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Bordereau Reporting

April, 2012

Issue 12

In This Issue

· Granular data: not just for delegated authority anymore.

· Was Insurance once the Facebook and Twitter of “globalization”?

· In for a penny, in for a pound…more on Solvency II.

· Intelligent Insurer article on software opportunities at Lloyd’s

Prior Newsletters


· March

· February

· January


· December

· November

· October

· September

· July

· June

· May

· April

Links for Additional Information

· New Bordereau System Ad

· Bordereau System Brochure

· CATEX TV Broadcasts

· Bordereau System Demo

To see a 10 minute video,

or to learn more, contact:


Stephanie Fucetola

Phone: 609-683-0888


Shane Hustwayte

Phone: 44 (0)20-7663-5656


Granular Data Sought by Reinsurers


As Yogi Berra says “it’s déjà vu all over again”. A front page article in the April 2 edition of Insurance Day says that the “quest for increased granularity of data has been one of the main themes of the April 1st renewals” in Japan. The article, written by Scott Vincent, goes on to observe that this “trend is set to continue for other major international reinsurance renewals in light of the record breaking cat losses of 2011”.


None other than Geoff Bromley, the president of Aon Benfield International, told Insurance Day that even buyers of reinsurance were now more understanding of the need of reinsurers for better, more granular data in light of major losses like the floods in Thailand last year.


Description: Description: Description: Thailand flooding picture: flooded street


Just to refresh your memory on those floods, which caused $12 billion in insured losses, when they first began to attract international attention the disaster was perceived as mainly a human tragedy and a threat to the newly elected government of Thai Prime Minister Yingluck Shinawatra who had been criticized over what some alleged to be “selective” closing and opening of flood barriers in and around Bangkok.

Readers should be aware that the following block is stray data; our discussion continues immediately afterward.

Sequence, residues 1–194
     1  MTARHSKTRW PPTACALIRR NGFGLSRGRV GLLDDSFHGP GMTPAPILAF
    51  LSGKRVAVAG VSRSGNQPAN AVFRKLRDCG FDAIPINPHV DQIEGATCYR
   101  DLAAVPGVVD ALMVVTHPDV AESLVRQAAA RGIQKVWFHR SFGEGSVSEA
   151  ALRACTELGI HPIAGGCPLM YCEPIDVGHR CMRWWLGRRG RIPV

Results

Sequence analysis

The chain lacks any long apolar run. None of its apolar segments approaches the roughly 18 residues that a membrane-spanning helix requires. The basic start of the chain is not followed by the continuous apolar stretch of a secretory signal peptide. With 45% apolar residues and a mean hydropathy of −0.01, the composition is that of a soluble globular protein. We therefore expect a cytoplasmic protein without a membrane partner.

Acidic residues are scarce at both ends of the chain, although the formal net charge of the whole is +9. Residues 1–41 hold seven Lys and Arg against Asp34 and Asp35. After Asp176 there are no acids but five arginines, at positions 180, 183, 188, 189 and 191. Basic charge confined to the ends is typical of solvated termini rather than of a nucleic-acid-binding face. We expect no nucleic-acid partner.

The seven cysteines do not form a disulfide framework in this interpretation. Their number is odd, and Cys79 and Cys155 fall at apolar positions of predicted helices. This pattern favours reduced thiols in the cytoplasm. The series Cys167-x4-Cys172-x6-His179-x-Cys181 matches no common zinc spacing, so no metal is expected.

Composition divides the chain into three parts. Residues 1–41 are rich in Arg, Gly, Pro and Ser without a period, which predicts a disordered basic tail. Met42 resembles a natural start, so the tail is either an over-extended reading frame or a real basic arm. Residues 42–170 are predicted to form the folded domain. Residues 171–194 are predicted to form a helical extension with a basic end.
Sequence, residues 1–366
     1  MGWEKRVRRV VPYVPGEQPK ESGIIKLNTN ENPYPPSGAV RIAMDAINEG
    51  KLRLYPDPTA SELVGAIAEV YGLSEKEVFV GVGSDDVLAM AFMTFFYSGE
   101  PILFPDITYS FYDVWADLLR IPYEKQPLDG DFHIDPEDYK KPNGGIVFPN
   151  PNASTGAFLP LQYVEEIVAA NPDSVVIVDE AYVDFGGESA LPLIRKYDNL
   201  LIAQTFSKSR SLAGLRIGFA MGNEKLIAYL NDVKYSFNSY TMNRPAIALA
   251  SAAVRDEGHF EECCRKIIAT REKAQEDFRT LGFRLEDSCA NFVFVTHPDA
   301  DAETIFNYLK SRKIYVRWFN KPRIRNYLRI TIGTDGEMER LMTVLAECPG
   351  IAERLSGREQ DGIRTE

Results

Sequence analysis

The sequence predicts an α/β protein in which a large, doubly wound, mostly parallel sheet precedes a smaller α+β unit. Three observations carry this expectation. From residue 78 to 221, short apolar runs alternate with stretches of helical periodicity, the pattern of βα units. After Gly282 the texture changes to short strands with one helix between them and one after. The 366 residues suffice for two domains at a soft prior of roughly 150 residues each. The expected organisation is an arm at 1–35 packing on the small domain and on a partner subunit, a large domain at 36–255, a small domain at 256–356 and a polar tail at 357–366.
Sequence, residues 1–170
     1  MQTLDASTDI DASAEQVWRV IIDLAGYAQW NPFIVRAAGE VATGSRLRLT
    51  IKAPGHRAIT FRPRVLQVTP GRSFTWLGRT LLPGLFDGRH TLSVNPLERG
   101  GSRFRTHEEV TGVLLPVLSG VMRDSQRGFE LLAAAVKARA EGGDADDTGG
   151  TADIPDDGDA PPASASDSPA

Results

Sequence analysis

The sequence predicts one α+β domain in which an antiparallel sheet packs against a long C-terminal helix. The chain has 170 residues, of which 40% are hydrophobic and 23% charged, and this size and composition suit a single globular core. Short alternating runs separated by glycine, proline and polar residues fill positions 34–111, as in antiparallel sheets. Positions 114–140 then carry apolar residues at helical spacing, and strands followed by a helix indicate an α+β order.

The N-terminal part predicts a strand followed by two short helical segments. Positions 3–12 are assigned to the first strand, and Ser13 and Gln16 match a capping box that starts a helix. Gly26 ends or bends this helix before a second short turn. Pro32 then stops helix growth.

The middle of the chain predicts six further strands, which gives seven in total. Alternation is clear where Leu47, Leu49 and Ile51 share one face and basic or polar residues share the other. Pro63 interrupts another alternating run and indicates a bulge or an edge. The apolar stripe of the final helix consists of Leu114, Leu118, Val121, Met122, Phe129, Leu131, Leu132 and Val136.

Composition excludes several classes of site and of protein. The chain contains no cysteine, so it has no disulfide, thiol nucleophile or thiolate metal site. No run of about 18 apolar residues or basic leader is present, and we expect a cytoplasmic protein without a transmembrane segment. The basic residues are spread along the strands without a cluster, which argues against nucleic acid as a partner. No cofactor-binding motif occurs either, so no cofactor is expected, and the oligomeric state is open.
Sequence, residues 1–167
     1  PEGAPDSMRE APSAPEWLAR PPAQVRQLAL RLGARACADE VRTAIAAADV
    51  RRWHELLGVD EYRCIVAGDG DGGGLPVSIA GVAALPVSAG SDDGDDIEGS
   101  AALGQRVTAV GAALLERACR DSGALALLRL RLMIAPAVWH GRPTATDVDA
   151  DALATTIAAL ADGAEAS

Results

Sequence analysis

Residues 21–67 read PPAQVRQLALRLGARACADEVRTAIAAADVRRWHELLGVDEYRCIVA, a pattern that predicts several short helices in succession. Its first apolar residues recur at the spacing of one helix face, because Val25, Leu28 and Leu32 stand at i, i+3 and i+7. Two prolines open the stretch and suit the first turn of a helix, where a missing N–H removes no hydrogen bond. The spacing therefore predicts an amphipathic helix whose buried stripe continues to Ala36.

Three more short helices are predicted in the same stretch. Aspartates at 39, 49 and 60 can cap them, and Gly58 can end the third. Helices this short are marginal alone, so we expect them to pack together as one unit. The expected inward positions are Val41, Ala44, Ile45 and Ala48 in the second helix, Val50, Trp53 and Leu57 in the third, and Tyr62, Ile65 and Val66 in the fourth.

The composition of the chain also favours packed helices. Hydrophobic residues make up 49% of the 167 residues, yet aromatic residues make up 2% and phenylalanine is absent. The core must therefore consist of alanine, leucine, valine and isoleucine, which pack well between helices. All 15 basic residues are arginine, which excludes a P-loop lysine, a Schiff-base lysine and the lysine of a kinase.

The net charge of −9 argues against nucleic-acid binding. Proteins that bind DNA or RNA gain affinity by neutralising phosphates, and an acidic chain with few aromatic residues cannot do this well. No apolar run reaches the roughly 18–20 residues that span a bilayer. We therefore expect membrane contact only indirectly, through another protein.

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Prime Minister Shinawatra


Soon enough it emerged that there was a significant amount of industry related to the global electronics supply chain which affected the computer, auto, cell phone and personal device markets. Many Japanese domiciled producers of such products maintained either ownership of or supply contacts with thousands of small Thai electronic manufacturers. The inundation knocked out many of these small manufacturers and eventually led to business interruption at companies such as Honda, Toyota, Apple, Dell to name a few.


Bromley notes that the “big message is on granularity of data. We will see that continue for other countries of the world where interests abroad are insured. People want to know what they are underwriting”.


If you are in the Delegated Authority business Mr. Bromley’s words are a warning you have heard before. New standards from Lloyd’s and picked up by US program carriers are demanding just such granularity of data for their binder and program books. Now it seems that the international reinsurance community wants the same –and why not?


If markets are being asked to provide coverage for what may be hundreds of small manufacturers it would seem that they should have the exact addresses, flood elevations, mitigation procedures and disaster recovery plans of each and every single one of them. Absent that information it would seem that underwriting the risk(s) is sort of a gamble.


The Pivot Point Insurance and Reinsurance Transaction System does manage the exact characteristics of individual risks for delegated authority business and for treaty and XOL reinsurance. That same view of the contents of a delegated authority binder afforded to program underwriters can be had by treaty underwriters combing through hundreds or thousands of individual locations or risk. Our sophisticated Mosaic Reporting Suite allows the information call-ups to be easy and seamless.



Data storage is inexpensive. We have the tools to collect and manage the data. And we have the tools to find the data you need. Next time there is a disaster like the Thai floods the industry –which as Bromley noted –paid the Thai claims with speed – will be better prepared.



Description: Description: Description: Description: Description: Description: latecomers to “Globalization”